"My life has been a long beautiful dream, a medley of fantasies and realities and enchantingly magical wonders…so it seems to me." This is how 'The Story of Sybil Wettasinghe - a biography' launched last Tuesday ends- Sybil talking to biographer Vijita Fernando, her contemporary at Lake House decades ago.
A distinguished gathering packed the BMICH Restaurant (other venues are being renovated) where old tales were related, a great artiste was recognised and a quality book launched.
Having listened to the speakers showering praise on her Sybil confessed that what anyone of her age (she is over 80 now) needs is affection. She gets plenty of it, she said, adding "I am fortunate I was able to hear what people normally say at a person's funeral - all the good about that person."
|Sybil autographing a book at the launch
She recalled how she had written for four generations and although she was writing for children, she always respected their ability to appreciate something good. She hoped her biography would be an inspiration for the next generation and ones to follow.The speakers stressed that Sybil is a unique personality. Her drawings are unique, her stories unique and her creative talents unique. Professor Nimal de Silva said her writings and illustrations are "child like" and not "childish". Her illustrations are unique because they can never be copied, he pointed out.
"Each line she draws tells a story," he said. "The animals and birds are laughing and talking. The trees and leaves do the same. There is so much life in her drawings. That's the difference."
For Vijita, the biographer, it was no easy task. "When Sybil asked me whether I could undertake to write her life story I readily agreed because we had known each other for many years working together at Lake House. I thought it was going to be plain sailing. It was not to be. Sybil brought loads of stuff - literally sacks full of scrap books, newspaper cuttings, magazines. It took about six months to sort them out," Vijita recalled. And once she started writing, Sybil would call her at all odd times to say she remembered something more and go on to relate a new story. This went on even after the final draft was done. But she didn't mind it because the story was getting richer.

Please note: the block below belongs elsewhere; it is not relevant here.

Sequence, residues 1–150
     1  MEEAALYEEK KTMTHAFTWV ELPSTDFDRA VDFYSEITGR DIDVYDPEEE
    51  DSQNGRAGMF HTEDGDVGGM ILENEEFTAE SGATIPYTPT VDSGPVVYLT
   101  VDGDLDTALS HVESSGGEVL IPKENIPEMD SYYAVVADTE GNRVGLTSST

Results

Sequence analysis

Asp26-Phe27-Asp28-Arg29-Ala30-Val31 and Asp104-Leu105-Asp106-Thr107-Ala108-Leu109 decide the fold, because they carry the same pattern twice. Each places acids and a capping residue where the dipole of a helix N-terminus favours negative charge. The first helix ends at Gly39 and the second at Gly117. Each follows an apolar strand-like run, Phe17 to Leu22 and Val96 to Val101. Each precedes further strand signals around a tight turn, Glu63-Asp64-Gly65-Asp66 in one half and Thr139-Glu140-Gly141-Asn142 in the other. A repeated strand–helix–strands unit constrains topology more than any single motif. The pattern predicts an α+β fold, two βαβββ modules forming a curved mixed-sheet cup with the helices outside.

The final product is a most interesting story of Sri Lanka's foremost story-teller and illustrator of books for the children - "a national icon", as reputed author and administrator Leel Gunasekera put it. The illustrator who created a stir with the H.D. Sugathapala's 'Navamaga' readers had come a long way. He also remembered Sybil's contribution to the activities of the National Book Trust at the time he was chairman.
Having promptly agreed to publish Sybil's life story Sarasavi Publishers' chief H. D. Premasiri decided to make it a double publication - in English and Sinhala. A wise decision since the book is bound to have a big demand among both categories of readers..
In the audience was another of Sybil's Lake House contemporaries, Sumana Saparamadu who, in her preface says Sybil is "not only a celebrity at home, the icon of children's literature in Sinhala, and acclaimed abroad as a master story teller and illustrator of stories for children." She reminds us that no writer in Sri Lanka has had her writings translated into so many languages and published in so many diverse countries.
As Sumana says, this is more than a biography in the conventional sense. The story is interspersed with extracts from some of her landmark publications which brought her international fame along with comments by critics, Book Associations and children, her most critical readers.
The well illustrated book has been designed by K. M. I. Swarnansinghe who has done a fine job in doing up the old photographs. Tharanjee Prints have done a commendable job with the printing.
Sybil certainly deserved a publication of this nature for her hard work of over half a century and more, and for putting Sri Lanka on the map. The sensitivity she has demonstrated in her writings adds to her uniqueness. Piyawathie Jayasuriya who translated the original English text to Sinhala commented on this aspect in her remarks. She quoted the 'Concluding thoughts' as an example.
It's Sybil recalling the last moments of her husband Dharma. She gets back home from hospital, "not in tears but with a sense of loss and pain" and pens a few lines "as a way of thanking him."
"I remember the first time
You pressed my hand
Shy, uncertain, vacillating
You thought you were wrong.
You asked me to marry you
I read it in your eyes
I answered 'yes' not in words
You read it in my eyes…
Minutes before you passed away
You pressed my hand again
Fearless, firm, reassuring
And then you were gone.
I looked into your eyes
You gazed into space
A vacant wordless blank
I read nothing."